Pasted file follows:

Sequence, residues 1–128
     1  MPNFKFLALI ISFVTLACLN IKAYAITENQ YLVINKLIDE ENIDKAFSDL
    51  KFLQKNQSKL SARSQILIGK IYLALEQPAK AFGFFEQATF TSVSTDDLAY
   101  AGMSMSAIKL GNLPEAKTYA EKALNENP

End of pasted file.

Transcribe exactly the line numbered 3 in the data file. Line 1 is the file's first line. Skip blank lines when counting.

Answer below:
    51  KFLQKNQSKL SARSQILIGK IYLALEQPAK AFGFFEQATF TSVSTDDLAY